It is hard to listen to your child cough. Coughing can be uncomfortable. When it is strong, it may interfere with sleep — both your child’s and yours! A very strong cough sometimes makes a young child spit up or even throw up. Even after the other symptoms of a cold — such as congestion or fever — go away, a cough may continue for several weeks. What can a parent do to relieve their child’s cough?
While parents may have the best intentions in wanting to provide that relief, it is best to NOT reach for the cough or cold syrup. Over-the-counter cold/cough medicines have more risks than benefits for children. Research generally questions if these medicines are even effective as they do not shorten the duration of a cold or cough. Worse, some children have experienced concerning side effects and even overdoses. That is why the American Academy of Pediatrics recommends children avoid OTC cold medicines.
Further, the AAP and the Food and Drug Administration (FDA) caution parents and doctors about codeine or hydrocodone medicines for children. Codeine and its derivatives have been used in cough formulations for a long time. Codeine suppresses cough, which can give temporary relief, but also presents possible dangers. One such danger is caused by the suppression itself. Cough can help remove whatever causes the cough, including mucous and infectious particles. Without the strong cough to expel them from the body, those substances may cause more serious infection, including pneumonia.
As well, some children may ingest too much of the medicine — on their own or given to them — which can cause respiratory depression or even death. In other cases, the ingredients in these medicines, along with the other medicines kids are given when sick can lead to overdoses or “medication mix,” which should not happen.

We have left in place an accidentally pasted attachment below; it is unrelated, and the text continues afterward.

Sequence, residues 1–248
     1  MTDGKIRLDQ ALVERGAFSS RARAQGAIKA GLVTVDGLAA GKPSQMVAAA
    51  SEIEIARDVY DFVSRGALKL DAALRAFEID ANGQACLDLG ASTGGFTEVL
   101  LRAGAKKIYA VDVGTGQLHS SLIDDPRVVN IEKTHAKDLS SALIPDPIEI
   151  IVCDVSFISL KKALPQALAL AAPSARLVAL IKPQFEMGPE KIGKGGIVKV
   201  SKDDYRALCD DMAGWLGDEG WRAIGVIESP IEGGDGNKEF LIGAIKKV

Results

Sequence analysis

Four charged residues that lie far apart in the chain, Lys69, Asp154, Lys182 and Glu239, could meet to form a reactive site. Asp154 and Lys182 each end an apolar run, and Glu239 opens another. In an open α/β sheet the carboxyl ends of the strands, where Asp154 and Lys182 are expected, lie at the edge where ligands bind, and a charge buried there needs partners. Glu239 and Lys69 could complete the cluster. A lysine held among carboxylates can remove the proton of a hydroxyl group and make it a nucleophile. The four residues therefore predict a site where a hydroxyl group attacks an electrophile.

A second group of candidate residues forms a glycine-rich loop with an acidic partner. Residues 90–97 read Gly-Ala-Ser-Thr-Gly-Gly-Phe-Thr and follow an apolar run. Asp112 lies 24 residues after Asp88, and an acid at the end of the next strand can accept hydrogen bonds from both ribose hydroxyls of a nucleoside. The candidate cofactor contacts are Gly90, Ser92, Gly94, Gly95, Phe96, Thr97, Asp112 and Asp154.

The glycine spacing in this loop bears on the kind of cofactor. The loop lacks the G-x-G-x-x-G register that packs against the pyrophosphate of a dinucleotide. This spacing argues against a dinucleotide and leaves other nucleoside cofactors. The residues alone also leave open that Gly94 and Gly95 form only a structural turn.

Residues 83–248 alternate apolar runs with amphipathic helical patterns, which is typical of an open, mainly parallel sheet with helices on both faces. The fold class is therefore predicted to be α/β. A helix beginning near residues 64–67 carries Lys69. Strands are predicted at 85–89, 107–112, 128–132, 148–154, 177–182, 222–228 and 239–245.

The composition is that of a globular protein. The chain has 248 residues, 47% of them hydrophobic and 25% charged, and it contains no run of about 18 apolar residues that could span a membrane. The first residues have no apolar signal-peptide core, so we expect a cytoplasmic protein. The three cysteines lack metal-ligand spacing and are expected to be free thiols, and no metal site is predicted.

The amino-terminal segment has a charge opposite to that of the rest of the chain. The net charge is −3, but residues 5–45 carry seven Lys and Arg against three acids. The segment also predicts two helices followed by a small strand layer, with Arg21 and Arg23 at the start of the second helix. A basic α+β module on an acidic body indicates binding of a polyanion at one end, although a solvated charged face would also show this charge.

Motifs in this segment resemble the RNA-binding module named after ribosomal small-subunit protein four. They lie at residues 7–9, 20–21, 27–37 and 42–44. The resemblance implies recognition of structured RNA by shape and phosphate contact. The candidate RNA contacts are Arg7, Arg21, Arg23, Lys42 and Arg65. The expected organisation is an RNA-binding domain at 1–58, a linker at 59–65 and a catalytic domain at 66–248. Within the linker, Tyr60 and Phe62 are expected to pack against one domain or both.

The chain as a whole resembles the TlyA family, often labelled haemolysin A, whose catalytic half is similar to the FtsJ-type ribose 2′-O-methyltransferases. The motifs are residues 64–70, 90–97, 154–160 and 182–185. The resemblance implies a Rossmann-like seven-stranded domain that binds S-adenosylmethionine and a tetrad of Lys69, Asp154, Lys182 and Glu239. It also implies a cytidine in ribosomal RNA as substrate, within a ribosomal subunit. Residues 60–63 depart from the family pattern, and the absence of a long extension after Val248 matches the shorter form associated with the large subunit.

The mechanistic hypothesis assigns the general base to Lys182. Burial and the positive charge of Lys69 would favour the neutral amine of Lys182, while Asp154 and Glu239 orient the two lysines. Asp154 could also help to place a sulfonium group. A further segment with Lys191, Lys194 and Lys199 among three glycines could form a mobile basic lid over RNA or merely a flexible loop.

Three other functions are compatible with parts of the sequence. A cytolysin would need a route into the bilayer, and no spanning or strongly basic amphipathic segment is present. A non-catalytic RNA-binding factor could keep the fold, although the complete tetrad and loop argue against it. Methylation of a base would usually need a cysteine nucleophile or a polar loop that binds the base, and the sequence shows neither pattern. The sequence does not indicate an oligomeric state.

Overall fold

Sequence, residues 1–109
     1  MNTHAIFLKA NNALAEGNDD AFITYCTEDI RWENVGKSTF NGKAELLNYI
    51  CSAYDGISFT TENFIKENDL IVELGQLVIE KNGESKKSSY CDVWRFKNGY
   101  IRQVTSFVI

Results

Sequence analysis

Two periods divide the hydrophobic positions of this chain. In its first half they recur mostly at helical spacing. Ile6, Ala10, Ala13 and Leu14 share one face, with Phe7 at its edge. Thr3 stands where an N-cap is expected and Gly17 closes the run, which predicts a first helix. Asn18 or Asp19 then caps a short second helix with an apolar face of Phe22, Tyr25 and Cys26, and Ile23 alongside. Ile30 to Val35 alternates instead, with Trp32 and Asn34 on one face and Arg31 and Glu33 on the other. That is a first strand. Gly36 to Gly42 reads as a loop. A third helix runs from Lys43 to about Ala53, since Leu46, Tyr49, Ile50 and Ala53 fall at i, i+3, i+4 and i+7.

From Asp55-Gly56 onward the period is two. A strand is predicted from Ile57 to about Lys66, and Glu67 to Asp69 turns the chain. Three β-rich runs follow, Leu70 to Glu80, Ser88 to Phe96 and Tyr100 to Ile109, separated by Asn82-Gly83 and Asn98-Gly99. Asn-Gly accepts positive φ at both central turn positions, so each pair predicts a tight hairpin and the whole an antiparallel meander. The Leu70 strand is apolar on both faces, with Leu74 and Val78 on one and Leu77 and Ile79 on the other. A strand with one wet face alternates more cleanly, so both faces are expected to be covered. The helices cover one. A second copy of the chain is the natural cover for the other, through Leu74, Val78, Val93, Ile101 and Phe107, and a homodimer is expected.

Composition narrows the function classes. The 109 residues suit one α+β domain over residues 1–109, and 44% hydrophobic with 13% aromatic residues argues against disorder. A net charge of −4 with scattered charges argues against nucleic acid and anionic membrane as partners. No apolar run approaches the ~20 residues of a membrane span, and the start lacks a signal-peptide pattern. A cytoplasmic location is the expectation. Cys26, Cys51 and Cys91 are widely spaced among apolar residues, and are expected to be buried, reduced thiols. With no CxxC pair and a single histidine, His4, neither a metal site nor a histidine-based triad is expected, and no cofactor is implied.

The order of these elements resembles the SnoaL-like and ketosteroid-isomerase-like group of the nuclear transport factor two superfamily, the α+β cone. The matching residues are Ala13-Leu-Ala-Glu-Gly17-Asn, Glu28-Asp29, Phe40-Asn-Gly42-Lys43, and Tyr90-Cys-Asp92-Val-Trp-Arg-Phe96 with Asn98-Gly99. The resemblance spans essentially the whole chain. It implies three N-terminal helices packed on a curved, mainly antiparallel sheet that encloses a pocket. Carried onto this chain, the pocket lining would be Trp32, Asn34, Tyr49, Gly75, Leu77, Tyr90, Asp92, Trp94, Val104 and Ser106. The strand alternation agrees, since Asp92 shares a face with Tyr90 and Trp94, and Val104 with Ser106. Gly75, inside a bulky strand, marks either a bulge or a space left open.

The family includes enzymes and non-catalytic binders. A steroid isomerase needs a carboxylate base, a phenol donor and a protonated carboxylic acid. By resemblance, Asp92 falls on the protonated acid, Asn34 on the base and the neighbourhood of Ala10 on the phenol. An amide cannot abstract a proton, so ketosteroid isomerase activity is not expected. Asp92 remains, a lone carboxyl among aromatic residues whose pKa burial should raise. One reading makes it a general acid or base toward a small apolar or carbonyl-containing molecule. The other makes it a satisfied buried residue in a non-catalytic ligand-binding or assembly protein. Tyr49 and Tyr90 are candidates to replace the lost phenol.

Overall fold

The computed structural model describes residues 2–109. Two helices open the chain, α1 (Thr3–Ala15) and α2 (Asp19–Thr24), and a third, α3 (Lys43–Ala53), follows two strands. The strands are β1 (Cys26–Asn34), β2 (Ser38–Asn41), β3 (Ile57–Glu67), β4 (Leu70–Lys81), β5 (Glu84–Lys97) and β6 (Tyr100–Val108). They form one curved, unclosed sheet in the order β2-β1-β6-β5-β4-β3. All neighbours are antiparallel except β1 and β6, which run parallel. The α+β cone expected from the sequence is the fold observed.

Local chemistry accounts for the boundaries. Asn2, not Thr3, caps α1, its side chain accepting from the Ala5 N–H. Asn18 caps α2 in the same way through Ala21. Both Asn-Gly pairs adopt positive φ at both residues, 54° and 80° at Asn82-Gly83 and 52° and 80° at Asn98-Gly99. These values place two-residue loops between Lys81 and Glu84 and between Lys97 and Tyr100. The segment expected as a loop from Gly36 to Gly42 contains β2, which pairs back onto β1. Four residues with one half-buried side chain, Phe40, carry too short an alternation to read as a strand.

Codeine is a member of the opioid family. The opioid addiction epidemic has led to even more concerns about these medications, which may be abused, misused or lead to overdose. Indeed, any exposure to opioids can result in future addiction. Given the high prevalence of opioid addiction, and the strong research evidence that the risks of cold medicines with codeine or hydrocodone significantly outweigh the benefits, the FDA has issued new safety labeling. Manufacturers of such medications must now provide a “black box warning” on their labels, to advise users of the clear danger.
It is worth mentioning that many coughs are accompanied by congestion and runny nose. Parents should know that for these symptoms as well, it is good to “let it all out.” Encourage children to blow their nose. A suction bulb may be necessary for younger children. There is no role for antihistamines with a cough or cold. They are not effective and only add to the possibility of side effects as antihistamines are meant for allergy treatment, not a cold.
So what can you do for a bad cough? Perhaps surprisingly, natural or home remedies seem to be best. One such natural and available product has been shown not only to work, but to be more effective than OTC cold medicines — a spoonful of honey! For children who have already had their first birthday, honey can be mixed with tea, or given straight to soothe the throat and reduce cough symptoms. Corn syrup is a reasonable alternative, too.
However, the youngest of babies must avoid honey. No one under a year should ever be given honey because of the possibility of infant botulism. Infants under a year may benefit from a very small amount of warm (not hot!) liquids.
In addition to honey for cough, children may benefit from a humidifier or a warm mist from the shower to loosen congestion, especially if a coughing spasm takes place. In addition, drinking more fluids, including soup, caffeine-free teas and water can help. Not all coughs need treatment. If your child seems happy and comfortable despite the cough, sometimes watching and waiting is best. Of course, all children with a cough or cold need some extra sleep, and lots of tender loving care (TLC)!
Dr. Judy Schaechter is the chair of the department of pediatrics at the University of Miami Health System. For more information, visit UHealth.com/patients/pediatrics.